On those drawn out summer evenings, all manner of characters would fill the coffee shops and spill outside. An interesting cross section of society would be provided for anyone willing to sit and watch, for an hour or two atleast. This particular evening will always stand out for me as representative of those carefree folly filled evenings. I was sat alone, with a copy of the evening news and an espresso across the street from a boisterous coffee shop which remained opened deep into the evening, long after others were closed. I often sat and watched people in those early few months, Id decided against socialising with colleagues. I would go to great lengths to prearranged fictitious plans and engagements in order so that I could sit alone each evening, pleasing myself. It's always far easier to enjoy food alone, without any distractions. After considering my options I settled for a steak, and a glass of wine. The waiter seemingly unconcerned failed to take note as I gave my order, with a shrug of his head he returned to the kitchen inside to place the order. The cafe I watched was perched almost perfectly across the street from the train station. As commuters and young couples in love poured out of the station, and onto the bright expanse which was the street before them. The popularity of this particular cafe is hard to convey correctly, it's frantic nature remained even on the bleakest of midwinter evenings. Now though months of bread and water were long gone, as seasonal waiters hurried arms filled will all manner of snacks and drinks.  All manner of agricultural workers would congregate in early march, eager to snap up work in the best hotels and cafes thus ensuring a healthy wage and generous tips. The waiters from the mountains always stood out. It was as if they retained the innocence of there previous surroundings, smiling all coy when taking orders from female customers. They retained the physical attributes of the mountains which they had left, towering above others and maintaining a mystique which often meant they would return in November with wives and child aswell.




By now it was half past eight atleast, and I had finished my steak and wine. The traffic was in the process of slowing down, although it was not uncommon here for traffic jams to form at any hour of the evening. Car horns echoed and ricocheted off old architecture which gave an impression of immense movement all around.  The owner was a beast of a man standing six foot high atleast, with a beard which gave away his rugged beginnings. It was impossible to estimate his origin correctly, Id always imagined he was from somewhere in Northern Europe although by now I had learnt that assumptions were the preserve of fools. He could most often be found pacing up and down the pavement adjacent to his cafe, smoking his camel blue cigarettes and staring deep into the night sky. As if preoccupied with some great moral dilemma this could go on for hours of end, without him breathing a word to anyone.  Under a great mane of curly brown hair, lay the most enthralling blue eyes imaginable. They had a softness which would not seem out of place upon the face of some Parisian muse. Although I must confess when first confronted with this gentleman an his almost childlike appearance, I was adamant I had him figured. He seemed the kind of man who blundered through life, although successful still seemed to be scraping an unenviable existence for himself.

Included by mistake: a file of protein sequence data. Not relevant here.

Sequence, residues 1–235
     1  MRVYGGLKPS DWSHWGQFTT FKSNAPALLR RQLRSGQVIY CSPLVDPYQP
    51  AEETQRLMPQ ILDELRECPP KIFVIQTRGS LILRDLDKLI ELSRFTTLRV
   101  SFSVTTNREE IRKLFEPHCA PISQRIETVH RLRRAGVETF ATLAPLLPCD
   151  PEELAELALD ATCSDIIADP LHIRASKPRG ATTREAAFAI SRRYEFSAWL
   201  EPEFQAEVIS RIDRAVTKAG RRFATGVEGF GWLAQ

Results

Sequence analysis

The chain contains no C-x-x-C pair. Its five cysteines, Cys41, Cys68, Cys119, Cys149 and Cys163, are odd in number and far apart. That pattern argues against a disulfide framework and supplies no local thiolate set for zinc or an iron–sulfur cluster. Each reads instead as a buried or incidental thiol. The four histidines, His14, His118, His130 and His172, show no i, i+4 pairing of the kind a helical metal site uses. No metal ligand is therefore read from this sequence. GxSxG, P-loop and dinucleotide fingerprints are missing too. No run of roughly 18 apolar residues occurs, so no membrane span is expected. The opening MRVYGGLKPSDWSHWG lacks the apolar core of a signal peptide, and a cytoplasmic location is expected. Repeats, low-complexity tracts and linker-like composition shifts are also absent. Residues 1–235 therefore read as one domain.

By now I had stuck around long enough to get some feel for the pitter patter of life in just such a place. The transient nature of the customers ensured a bravado unseen in any old small town watering hole, women driven wild by spontaneous desire stared sultry at the mysterious visitors.